The Street reports that on what appears to be Amazon's current approach to investment, returning - after a period in which it actually slowed down its spending and grew its bottom line profits - "to its heavy-spending ways, making big investments in both traditional areas and some intriguing new ones. All while assuming that the shift in Amazon's sales mix towards higher-margin revenue streams, together with the trust built up by its track record, will be enough to keep profits growing and Wall Street happy."

    You can read the entire analysis here, but essentially the argument seems to be that Amazon has identified high margin businesses that it can use to fund the bets that it seems to feel it needs to make in order to maintain dominance in its categories.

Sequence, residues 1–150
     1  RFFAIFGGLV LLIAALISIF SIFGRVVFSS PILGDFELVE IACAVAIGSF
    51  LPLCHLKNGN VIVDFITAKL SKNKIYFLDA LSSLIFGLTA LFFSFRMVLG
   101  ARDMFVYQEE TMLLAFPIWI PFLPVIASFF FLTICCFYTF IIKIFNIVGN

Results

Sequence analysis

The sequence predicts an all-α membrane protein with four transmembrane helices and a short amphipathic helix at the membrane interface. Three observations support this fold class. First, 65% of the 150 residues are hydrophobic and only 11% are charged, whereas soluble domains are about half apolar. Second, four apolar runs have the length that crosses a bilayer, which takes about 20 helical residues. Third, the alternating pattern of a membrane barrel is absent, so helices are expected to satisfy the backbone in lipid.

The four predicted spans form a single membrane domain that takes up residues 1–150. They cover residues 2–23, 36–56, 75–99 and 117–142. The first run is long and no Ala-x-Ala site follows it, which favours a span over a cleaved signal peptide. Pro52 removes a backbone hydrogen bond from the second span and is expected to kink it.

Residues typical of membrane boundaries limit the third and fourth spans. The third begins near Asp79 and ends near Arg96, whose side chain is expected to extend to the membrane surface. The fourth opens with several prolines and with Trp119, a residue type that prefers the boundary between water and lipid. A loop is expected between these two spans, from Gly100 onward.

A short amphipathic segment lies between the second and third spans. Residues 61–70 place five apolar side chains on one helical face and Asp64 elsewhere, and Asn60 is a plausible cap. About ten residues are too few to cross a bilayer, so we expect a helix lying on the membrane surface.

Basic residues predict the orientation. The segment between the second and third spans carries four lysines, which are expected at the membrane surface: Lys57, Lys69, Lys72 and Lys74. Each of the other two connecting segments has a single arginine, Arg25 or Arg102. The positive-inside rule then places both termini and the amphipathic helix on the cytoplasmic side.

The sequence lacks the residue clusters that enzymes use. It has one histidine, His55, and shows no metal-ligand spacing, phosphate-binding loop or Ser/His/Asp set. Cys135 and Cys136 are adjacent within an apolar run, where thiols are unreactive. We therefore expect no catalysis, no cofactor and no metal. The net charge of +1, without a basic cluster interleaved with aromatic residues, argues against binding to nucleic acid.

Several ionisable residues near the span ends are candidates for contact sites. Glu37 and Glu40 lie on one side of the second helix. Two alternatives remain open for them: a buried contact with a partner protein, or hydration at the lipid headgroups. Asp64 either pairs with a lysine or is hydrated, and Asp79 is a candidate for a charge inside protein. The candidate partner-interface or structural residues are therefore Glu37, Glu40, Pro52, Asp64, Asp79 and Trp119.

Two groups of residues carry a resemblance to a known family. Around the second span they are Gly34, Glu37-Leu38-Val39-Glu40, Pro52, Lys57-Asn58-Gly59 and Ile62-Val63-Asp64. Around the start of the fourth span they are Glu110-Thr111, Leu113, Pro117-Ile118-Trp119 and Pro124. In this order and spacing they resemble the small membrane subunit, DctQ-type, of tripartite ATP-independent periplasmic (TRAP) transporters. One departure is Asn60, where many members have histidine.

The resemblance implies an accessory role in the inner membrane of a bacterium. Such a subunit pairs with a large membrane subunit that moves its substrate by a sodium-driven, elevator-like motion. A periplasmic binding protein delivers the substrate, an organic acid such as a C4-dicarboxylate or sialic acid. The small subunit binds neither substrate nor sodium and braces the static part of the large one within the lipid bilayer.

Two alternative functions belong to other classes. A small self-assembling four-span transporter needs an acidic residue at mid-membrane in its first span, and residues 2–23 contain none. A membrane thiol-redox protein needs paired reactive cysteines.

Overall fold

But the story also seems to suggest that this remains a delicate balance, that Amazon needs to maintain growth in specific areas in order to justify - especially to investors - the expenses it is compiling in other areas. Fascinating reading.
    KC's View:
    Every once in a while I get an email from a reader who feels that in pointing to some of the innovative things that Amazon does, I am ignoring some basic realities - like that some feel is the unsustainability of a free shipping policy that costs the company a lot of money and reduces its profits.

    It indeed may be fair to suggest that I write more about innovation than cost; I tend to have a bias that way. But I also think that over the years, Amazon always has played the balance game ... and that it is willing to use the areas where it makes a lot of money to fund the segments of its business that it believes are necessary to build what it hopes will be as close to an unassailable advantage as it can.